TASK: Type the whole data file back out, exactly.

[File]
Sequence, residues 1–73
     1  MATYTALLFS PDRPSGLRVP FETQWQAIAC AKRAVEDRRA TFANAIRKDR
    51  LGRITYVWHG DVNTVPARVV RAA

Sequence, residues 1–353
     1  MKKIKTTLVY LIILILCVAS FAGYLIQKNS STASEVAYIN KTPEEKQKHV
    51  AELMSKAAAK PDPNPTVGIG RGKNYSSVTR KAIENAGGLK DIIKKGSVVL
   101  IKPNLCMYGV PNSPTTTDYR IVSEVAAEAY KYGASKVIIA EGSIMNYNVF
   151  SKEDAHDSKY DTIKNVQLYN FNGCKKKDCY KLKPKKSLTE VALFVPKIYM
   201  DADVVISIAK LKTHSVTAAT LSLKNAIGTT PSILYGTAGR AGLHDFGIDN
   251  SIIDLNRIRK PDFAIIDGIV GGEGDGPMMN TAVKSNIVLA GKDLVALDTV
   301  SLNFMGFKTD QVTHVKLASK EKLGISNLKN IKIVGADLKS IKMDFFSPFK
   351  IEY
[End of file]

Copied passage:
Sequence, residues 1–73
     1  MATYTALLFS PDRPSGLRVP FETQWQAIAC AKRAVEDRRA TFANAIRKDR
    51  LGRITYVWHG DVNTVPARVV RAA

Sequence, residues 1–353
     1  MKKIKTTLVY LIILILCVAS FAGYLIQKNS STASEVAYIN KTPEEKQKHV
    51  AELMSKAAAK PDPNPTVGIG RGKNYSSVTR KAIENAGGLK DIIKKGSVVL
   101  IKPNLCMYGV PNSPTTTDYR IVSEVAAEAY KYGASKVIIA EGSIMNYNVF
   151  SKEDAHDSKY DTIKNVQLYN FNGCKKKDCY KLKPKKSLTE VALFVPKIYM
   201  DADVVISIAK LKTHSVTAAT LSLKNAIGTT PSILYGTAGR AGLHDFGIDN
   251  SIIDLNRIRK PDFAIIDGIV GGEGDGPMMN TAVKSNIVLA GKDLVALDTV
   301  SLNFMGFKTD QVTHVKLASK EKLGISNLKN IKIVGADLKS IKMDFFSPFK
   351  IEY